The Hong Kong police recently arrested 15 people for manipulating the stock price of Next Digital, the publisher of tabloid-style newspaper Apple Daily. Last month, authorities arrested the owner of Apple Daily, Jimmy Lai, under the newly implemented National Security Law.
Killing Hong Kong’s economy
Among the arrested were 14 men and one woman. According to the police, the 15 suspects were detained on charges of conspiracy to commit fraud and money laundering. The authorities base their suspicions on the fact that there were “extremely unusual fluctuations” in Next Digital’s share prices between August 10 and 12. The company’s shares surged more than 1,000 percent last month as people bought the stock in order to protest against the government’s arrest of Lai and the raid conducted at the newsroom of Apple Daily.
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Chinese media, which were expecting the company’s share prices to tank following the legal actions, were surprised when the opposite happened. They reasoned that there must be some “suspicious” activity that boosted the stock. According to one official, the arrested people created “fake transaction volume” by coordinating through social media. They apparently manipulated comments on social media, luring individuals to invest in the company’s shares.
The 15 suspects bought and sold shares 13,200 times in just three days, making up over 23 percent of the market activity during this period and ending up with profits in excess of US$4.7 million. Authorities are suspicious about the source of funds of the arrested individuals as well as where the money from the transactions went. However, Mark Simon, a senior executive at Next Digital, told the media that no person from his company, including the detained, had traded any shares of the firm and cast suspicion at the government action. “I am convinced that [Chief Executive] Carrie Lam and her minders from Beijing have a meeting every Tuesday morning called, ‘Destroying free markets and prosperity’,” he said to Hong Kong Free Press.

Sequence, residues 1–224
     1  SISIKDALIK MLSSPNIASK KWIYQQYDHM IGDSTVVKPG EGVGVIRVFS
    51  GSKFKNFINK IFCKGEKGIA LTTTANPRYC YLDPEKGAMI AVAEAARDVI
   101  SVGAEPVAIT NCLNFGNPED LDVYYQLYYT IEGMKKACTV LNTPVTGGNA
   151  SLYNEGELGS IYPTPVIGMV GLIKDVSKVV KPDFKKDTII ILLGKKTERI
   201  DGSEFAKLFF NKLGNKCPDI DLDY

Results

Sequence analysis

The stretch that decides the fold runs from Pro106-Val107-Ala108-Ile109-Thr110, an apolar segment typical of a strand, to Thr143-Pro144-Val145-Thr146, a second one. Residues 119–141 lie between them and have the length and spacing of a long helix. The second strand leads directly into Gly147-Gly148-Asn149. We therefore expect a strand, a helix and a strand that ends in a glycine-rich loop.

Activist investor David Webb pointed out that it was strange that the probe into market manipulation was conducted by the police rather than the Securities and Futures Commission (SFC), which would have been the natural body to handle the case. He argued that even if the police were to prove that there was coordination between those who advocated buying shares and those who cashed out, it still wouldn’t be considered a crime since no one was forced into it. Kevin Yam Kin-fung, a financial regulation lawyer, agreed that the SFC should have conducted the inquiry since they were bestowed with the power to compel suspects to answer any questions. In contrast, suspects can observe their right to remain silent when interviewed by regular police officers.
Moving out of Hong Kong
Several companies are considering moving out of Hong Kong since they fear that the administration is targeting businesses that might not fit in with communist policies. SBI Group, one of the biggest online brokerages in Japan, recently announced that they will be leaving Hong Kong due to long-term uncertainty in the business environment.
According to consultancy firm CorporateServices.com, there is a huge uptick in the number of Hong Kong companies wanting to relocate to Singapore. One of the main reasons for the shift is to protect their company data from getting into the hands of the Chinese government. The American Chamber of Commerce announced that almost a third of its 1,220 member companies were planning on moving their assets out of Hong Kong, with over 90 percent aiming for Singapore.